As an optimization, you could definitely move the divide out again (and turn it into a multiply), but I wanted to present the code as close to the core concepts as possible.

# Non Uniform Random Number Distributions

Let’s try sampling from a different random number distribution. Let’s generate random numbers which have a distribution of $y=\sin(x)$. You can see it compared to the function we are integrating $y=\sin(x)^2$ below. They are fairly similarly shaped!

To use $y=\sin(x)$ as a random number distribution for monte carlo integration, we’ll need to calculate the normalized PDF and we’ll also need to calculate the inverse CDF.

If you want to know more about PDFs and “whatever an inverse CDF may be”, give this a read: Generating Random Numbers From a Specific Distribution By Inverting the CDF

• The function $y=\sin(x)$ is normalized to this PDF: $\mathit{PDF}(x) = \frac{\sin(x)}{2}$
• To generate numbers from that PDF, you take a random number $x$ that is between 0 and 1 and plug it into this function, which is the inverse CDF: $\mathit{CDF}^{-1}(x) = 2 \cdot \sin^{-1}(\sqrt{x})$

Here is a code snippet doing monte carlo integration with this PDF and inverse CDF:

double ImportanceSampledMonteCarlo()
{
size_t numSamples = 10000;

std::random_device rd;
std::mt19937 mt(rd());
std::uniform_real_distribution<double> dist(0.0, 1.0);

auto InverseCDF = [](double x) -> double
{
return 2.0 * asin(sqrt(x));
};

auto PDF = [](double x) -> double
{
return sin(x) / 2.0f;
};

double estimateSum = 0.0;
for (size_t i = 1; i <= numSamples; ++i)
{
double rng = dist(mt);
double x = InverseCDF(rng);
double y = sin(x)*sin(x);
double pdf = PDF(x);
double estimate = y / pdf;

estimateSum += estimate;
}
double estimateAverage = estimateSum / double(numSamples);

return estimateAverage;
}


To compare this versus uniform random sampling, I'll show the progress it makes over 50,000,000 samples first using uniform random numbers, then using the $y=\sin(x)$ shaped PDF.

Uniform aka 1/pi:

sin(x):

You may notice that every 4x samples, the standard deviation (which is the square root of variance) drops in half, like we talked about before. This is why path tracing takes so long. If you don’t know what path tracing is, this is why modern animated movies take so long to render.

In the results, you can see that the variance of the estimates is a lot lower using this PDF that is shaped more like the function we are trying to integrate. We got a better, more reliable answer with fewer samples. Is that pretty cool? You bet it is! When you use a PDF shaped like the function you are integrating, to get better results faster, that is called importance sampling.

If you use a PDF which is shaped very differently from the function you are trying to integrate, you will get more variance and it will take longer to converge, which is a total bummer.

Let’s try $y=(\frac{x}{\pi})^5$, which doesn’t look much like the function we are trying to integrate at all:

Here is the PDF and inverse CDF:

• $\mathit{PDF}(x)=(\frac{x}{\pi})^5 \cdot \frac{6}{\pi}$
• $\mathit{CDF}^{-1}(x)= (x*\pi^6)^{\frac{1}{6}}$

Here it is with 50,000,000 samples:

And here is the uniform sampling again as a comparison:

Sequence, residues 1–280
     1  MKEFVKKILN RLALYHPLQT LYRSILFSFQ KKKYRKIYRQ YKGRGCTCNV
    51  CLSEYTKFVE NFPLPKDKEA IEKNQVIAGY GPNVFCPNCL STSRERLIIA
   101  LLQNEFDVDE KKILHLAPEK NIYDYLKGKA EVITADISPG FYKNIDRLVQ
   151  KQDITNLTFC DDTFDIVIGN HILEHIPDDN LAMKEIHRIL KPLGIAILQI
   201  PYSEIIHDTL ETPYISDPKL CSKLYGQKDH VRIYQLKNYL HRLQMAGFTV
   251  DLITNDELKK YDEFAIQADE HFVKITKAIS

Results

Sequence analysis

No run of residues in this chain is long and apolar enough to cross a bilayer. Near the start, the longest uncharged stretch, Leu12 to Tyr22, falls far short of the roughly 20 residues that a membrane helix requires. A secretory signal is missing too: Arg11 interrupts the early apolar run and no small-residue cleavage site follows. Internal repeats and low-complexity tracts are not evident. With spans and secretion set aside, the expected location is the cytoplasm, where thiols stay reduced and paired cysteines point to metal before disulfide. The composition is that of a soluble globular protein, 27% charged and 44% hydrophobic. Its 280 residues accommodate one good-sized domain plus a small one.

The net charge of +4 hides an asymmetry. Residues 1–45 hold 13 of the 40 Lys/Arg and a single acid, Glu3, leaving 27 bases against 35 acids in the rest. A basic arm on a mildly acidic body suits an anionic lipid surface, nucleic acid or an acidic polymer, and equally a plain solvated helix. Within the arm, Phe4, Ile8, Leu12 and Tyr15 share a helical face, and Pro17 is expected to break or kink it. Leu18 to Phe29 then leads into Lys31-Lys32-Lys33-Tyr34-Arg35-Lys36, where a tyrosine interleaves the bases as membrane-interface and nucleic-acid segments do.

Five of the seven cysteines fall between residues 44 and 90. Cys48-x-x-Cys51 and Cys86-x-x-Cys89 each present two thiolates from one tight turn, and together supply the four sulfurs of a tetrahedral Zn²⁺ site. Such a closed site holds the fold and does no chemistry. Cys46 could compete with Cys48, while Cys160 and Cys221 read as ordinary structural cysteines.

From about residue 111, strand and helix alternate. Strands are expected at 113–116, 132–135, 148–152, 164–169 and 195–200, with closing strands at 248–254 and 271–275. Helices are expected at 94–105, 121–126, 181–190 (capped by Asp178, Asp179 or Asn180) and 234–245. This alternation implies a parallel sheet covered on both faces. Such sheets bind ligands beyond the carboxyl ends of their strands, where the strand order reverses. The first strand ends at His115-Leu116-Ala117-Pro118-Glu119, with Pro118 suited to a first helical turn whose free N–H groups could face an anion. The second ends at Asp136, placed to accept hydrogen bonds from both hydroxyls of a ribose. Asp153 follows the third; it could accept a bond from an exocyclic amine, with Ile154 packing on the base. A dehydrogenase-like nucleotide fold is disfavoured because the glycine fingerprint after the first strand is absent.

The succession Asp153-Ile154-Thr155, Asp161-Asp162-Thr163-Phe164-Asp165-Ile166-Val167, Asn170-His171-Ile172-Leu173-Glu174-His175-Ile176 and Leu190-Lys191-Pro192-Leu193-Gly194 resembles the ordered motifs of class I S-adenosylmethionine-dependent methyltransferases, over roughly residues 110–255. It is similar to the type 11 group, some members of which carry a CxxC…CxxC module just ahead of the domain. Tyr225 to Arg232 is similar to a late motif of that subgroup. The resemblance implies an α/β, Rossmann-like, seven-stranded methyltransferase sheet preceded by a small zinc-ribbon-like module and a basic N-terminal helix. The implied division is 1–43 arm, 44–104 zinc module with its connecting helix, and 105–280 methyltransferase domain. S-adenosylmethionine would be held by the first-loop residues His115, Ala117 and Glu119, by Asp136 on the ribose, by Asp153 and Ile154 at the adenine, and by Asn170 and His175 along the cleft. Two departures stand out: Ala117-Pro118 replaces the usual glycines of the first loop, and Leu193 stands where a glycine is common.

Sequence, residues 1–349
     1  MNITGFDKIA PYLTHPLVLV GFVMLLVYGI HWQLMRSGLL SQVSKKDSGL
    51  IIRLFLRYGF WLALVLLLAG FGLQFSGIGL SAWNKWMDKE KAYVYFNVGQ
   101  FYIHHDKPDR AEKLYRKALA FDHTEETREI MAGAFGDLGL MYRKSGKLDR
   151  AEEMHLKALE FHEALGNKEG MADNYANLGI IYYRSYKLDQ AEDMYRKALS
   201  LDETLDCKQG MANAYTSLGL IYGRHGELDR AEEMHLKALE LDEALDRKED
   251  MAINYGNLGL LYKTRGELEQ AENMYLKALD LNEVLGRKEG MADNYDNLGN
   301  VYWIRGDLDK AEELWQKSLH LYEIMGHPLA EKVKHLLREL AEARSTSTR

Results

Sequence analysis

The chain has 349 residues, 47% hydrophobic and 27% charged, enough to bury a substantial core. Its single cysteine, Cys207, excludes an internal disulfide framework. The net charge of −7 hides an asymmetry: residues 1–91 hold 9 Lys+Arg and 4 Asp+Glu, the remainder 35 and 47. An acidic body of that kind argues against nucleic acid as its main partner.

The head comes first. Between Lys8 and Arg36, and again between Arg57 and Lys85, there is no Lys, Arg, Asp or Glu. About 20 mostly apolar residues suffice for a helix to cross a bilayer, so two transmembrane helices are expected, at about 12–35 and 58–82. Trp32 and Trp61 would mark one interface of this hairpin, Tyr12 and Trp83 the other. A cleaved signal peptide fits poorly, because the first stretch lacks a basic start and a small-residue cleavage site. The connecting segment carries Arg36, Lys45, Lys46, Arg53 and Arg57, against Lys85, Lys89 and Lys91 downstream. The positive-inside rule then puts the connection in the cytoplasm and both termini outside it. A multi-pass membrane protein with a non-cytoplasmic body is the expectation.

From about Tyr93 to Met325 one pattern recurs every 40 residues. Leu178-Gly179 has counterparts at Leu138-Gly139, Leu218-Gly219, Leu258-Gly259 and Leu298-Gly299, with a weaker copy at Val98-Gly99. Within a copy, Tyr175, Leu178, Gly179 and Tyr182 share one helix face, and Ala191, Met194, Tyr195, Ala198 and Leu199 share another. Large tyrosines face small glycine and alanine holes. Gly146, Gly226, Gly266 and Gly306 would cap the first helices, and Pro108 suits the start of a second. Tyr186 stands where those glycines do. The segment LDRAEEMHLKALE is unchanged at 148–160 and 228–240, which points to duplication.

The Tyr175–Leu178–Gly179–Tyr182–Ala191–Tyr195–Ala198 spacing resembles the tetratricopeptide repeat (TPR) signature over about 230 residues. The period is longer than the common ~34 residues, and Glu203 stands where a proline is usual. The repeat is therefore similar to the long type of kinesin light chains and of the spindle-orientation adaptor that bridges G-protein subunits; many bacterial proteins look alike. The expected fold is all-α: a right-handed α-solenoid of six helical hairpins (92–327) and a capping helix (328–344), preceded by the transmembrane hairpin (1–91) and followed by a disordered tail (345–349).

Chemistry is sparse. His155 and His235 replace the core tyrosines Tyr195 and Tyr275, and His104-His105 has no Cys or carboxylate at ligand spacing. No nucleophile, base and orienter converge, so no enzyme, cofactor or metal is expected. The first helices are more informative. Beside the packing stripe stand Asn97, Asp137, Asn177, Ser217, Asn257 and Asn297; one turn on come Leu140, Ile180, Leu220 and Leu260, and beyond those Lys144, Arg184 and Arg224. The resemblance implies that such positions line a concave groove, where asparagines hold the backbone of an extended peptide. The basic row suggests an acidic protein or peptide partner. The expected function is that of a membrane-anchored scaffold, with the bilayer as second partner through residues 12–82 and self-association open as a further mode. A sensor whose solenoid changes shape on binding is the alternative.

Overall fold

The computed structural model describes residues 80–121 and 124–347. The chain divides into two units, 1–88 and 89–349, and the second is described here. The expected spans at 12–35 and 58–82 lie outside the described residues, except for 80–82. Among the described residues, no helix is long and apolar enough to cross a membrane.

As you can see, it is approaching the right answer, but is taking about 10 times as long to get the same results (amount of variance) compared to uniform sampling. Ouch!

# Perfect Random Number Distributions

Let’s say that we got really lucky and somehow got the PDF and inverse CDF for a function that perfectly matched the function we were trying to integrate. What would happen then?

Let’s check it out by integrating the function $y=\sin(x)$ by using a random number distribution which has the form $y=\sin(x)$.

We already calculated the PDF and inverse CDF of that function earlier:

• $\mathit{PDF}(x) = \frac{\sin(x)}{2}$
• $\mathit{CDF}^{-1}(x) = 2 \cdot sin^{-1}(\sqrt{x})$

Here we do that with 50,000,000 samples:

WOW! As you can see, it had the right answer from the first sample, with zero variance (randomness) and it kept steady at that answer for all 50,000,000 samples.

This is a pretty neat concept, and if you know about “cosine weighted hemisphere sampling”, that does this exact thing.

Cosine weighted hemisphere samples are weighted such that you can remove the $\cos(\theta)$ from the lighting calculations, because the random number distribution handles it for you.

It basically removes that part of randomness from the equations.

Unfortunately there are more variables and randomness in path tracing than just that term, but it helps.

Beyond this, you’d start look at other variance reduction techniques if you were interested, including multiple importance sampling.

# Closing

Going into this blog post I thought “hey no sweat, i’ll make a few simple functions, calculate their PDFs, inverse CDFs and be on my way”.

I can’t believe how almost all the simple functions I tried ended up being impossible to take through the process.

for instance, you can take $x=\sin(y)$ and solve for y to get $y=\sin^{-1}(x)$, but if you try to solve $x=\sin(y)+y$ for y, you are going to have a bad day!

I think in the future if I need to do something like this, I’d like to try fitting a curve to the (x,y) data points reordered as (y,x) data points, but there are many other methods for doing this sort of thing as well.

BTW if wondering how I was calculating std dev (aka square root of variance) while integrating, variance is “The average of the squared differences from the mean”. That means that if you know the correct answer of what you are trying to integrate, you can calculate the std dev like this:

        // Variance is "The average of the squared differences from the mean"
double difference = integration - actualAnswer;
double differenceSquared = difference * difference;
averageDifferenceSquared = Lerp(averageDifferenceSquared, differenceSquared, 1.0 / double(i));
double stdDev = sqrt(averageDifferenceSquared);

• integration is the current average estimate (if you have taken 100 samples, it’s the average of the 100 samples)
• averageDifferenceSquared is also the variance
• i is the number of samples you have taken, including the current one (aka start at 1, not 0)
• If you are confused about me doing a lerp to calculate an average, give this a read: Incremental Averaging

Hope you enjoyed this write up!

Anders Lindqvist (@anders_breakin) is writing up a blog post explaining monte carlo, importance sampling, and multiple importance sampling that you might be interested in if you enjoyed this. Give him a follow, and it’ll be coming out soon 🙂